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An unelected president shone at crucial moment

Gerald Ford is eulogized for his openness and honesty in the White House after the Nixon years.

By Staff writer of The Christian Science Monitor / December 28, 2006


On Aug. 8, 1974, shortly before 11 a.m., President Richard Nixon entered the Oval Office to meet with Vice President Gerald Ford. President Nixon's face was ashen, but he was set on his course, so he shook hands and motioned Mr. Ford to sit in a chair beside him.

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An awkward silence followed. Then Nixon broke it.

"You'll do fine," he said.

The formalities were yet to come, but at that moment, like a shock, the powers of the presidency leapt from one man to the other. Nixon, wounded by Watergate, was resigning; Ford was about to become the first, and so far only, unelected chief executive of the United States.

Ford, who died Tuesday at his home in California, had spent decades in Washington preparing himself for higher political office. The problem was, that office was speaker of the House. Now, in 1974, this product of Congress had to sit where Nixon had sat – and Lyndon Johnson and John F. Kennedy before him – and lead a dispirited and divided nation.

Watergate was only part of it. Ford inherited the Vietnam war, and inflation, and the cold war, too.

Did he do fine, as predicted? Ford's pardon of Nixon was deeply unpopular, and probably cost him the '76 election. His Whip Inflation Now campaign seemed all lapel buttons and no bite. The comedian Chevy Chase's imitations of his pratfalls remain legendary, however unfair.

But Ford was more, somehow, than the sum of his policies. Decent, fair, modest, and – truth be told – shrewd, he made Washington seem normal again. It was a time for healing, as he himself later said. And heal he did, steadying the economy and keeping to a moderate foreign-policy course.

The Nixon years had been as dramatic and taxing as Wagnerian opera. This political theater ended under Ford. The US could relax, and refocus on the future.

"On behalf of the entire nation, thank you for restoring the nation's confidence in itself," said President Jimmy Carter to Ford, moments after taking the oath of office in 1976.

Ford was born July 14, 1913, in Omaha, Neb. He was named Leslie Lynch King Jr., after his father, Leslie King, a Montana wool trader. His parents divorced shortly after his birth, and two years later, his mother married a Michigan paint salesman named Gerald Ford, who gave his stepson his name and raised him as his own.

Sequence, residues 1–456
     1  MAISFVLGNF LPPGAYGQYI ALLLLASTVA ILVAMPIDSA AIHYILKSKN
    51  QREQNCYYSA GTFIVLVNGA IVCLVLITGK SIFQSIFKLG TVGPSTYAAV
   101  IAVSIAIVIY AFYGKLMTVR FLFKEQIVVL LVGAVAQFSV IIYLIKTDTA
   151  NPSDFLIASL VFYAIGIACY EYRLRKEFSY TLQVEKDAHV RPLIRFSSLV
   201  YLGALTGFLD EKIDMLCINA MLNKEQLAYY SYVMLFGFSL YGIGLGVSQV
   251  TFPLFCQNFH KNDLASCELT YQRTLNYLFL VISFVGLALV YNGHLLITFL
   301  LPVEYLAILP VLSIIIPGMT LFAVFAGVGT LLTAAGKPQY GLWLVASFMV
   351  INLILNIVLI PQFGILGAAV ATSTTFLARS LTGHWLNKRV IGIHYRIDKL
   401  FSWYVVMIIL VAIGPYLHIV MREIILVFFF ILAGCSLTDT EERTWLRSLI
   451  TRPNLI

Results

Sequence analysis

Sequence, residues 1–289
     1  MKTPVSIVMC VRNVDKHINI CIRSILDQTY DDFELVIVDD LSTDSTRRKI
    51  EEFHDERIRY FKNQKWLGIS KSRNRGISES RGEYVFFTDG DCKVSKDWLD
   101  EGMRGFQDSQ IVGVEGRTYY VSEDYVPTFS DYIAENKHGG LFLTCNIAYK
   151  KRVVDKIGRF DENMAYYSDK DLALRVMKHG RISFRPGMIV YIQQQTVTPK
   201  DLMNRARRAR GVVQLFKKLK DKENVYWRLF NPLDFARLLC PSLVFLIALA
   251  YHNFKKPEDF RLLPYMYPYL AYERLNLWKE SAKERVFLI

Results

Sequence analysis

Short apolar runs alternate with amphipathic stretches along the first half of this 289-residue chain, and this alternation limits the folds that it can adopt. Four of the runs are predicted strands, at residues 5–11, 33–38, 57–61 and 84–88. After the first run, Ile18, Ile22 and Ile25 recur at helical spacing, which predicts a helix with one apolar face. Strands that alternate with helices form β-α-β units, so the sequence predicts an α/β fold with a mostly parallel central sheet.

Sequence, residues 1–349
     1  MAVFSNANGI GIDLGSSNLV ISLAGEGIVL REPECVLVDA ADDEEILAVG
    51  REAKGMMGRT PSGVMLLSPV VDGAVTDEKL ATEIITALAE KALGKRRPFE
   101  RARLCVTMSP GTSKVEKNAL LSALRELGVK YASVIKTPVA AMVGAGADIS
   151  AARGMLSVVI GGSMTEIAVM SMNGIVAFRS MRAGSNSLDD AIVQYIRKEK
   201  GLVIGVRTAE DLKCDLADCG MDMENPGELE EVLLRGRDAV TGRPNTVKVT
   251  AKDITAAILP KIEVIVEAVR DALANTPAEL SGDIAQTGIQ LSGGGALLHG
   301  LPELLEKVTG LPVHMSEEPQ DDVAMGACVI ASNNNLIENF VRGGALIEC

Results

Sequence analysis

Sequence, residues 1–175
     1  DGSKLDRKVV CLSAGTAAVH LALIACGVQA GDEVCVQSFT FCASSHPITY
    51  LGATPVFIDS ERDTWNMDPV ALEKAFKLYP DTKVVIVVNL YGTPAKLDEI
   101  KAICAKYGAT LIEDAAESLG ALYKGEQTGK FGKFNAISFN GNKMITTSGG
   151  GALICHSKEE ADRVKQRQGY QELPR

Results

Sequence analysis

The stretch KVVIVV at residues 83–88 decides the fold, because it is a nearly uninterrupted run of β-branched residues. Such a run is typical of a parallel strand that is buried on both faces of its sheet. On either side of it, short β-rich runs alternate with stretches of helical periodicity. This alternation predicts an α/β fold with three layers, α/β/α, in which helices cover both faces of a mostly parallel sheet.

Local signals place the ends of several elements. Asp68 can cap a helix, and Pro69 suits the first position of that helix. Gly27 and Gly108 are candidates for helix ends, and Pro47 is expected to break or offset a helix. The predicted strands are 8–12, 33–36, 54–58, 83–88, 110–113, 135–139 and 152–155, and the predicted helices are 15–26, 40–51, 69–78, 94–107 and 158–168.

Stocky and blond, Gerald Rudolph Ford Jr. grew up in Grand Rapids, Michigan's second-largest – and most conservative – city. Even in those days, boys generally wore sports shirts and sweaters to school. Jerry Ford usually wore a suit and tie.

He studied hard and got decent grades but was best known as the star center of the South High School football team. "Back then I had absolutely no interest in politics or a career in government," he later said.

Recruited by its football coach, Ford entered the University of Michigan in 1931. He played on undefeated teams in 1932 and 1933, and was named the Wolverines' "most valuable player" in 1934. The Detroit Lions and the Green Bay Packers offered him pro contracts when he graduated in 1935, but Ford, a solid "B" student, had set his sights on another line of work: the law.

He took a coaching job at Yale, and eventually talked his way into Yale Law School. He worked hard – perhaps unsurprisingly, his best grades were in legal ethics – but had time to found a modeling business on the side.

Yes, modeling. Urged on by Phyllis Brown, a girlfriend who was herself a model, Ford backed a New York agency for several years. Eventually he himself starred in a Look magazine photo spread about a weekend in the life of sports-oriented young people.

Then World War II intervened. Shortly after receiving his law degree in 1941, Ford enlisted in the Navy. Serving on the aircraft carrier USS Monterey, Ford was witness to many of the biggest naval battles in the Pacific. But his only close call came during a typhoon, when he slipped on deck and flew like a toboggan over the edge – only to drop neatly onto a catwalk.

After the war, Ford returned to Grand Rapids to practice law.

And like another young Navy vet in California, Richard Milhous Nixon, Ford's interests and experience made politics a natural career choice.

He began his political life as a reform candidate dedicated to sweeping out the prewar old guard of Michigan politics. In 1948, he beat incumbent Rep. Bartel Jonkman in the Republican primary for Michigan's Fifth Congressional District.

Eventually, the people of the Fifth District elected Jerry Ford to Congress 13 times.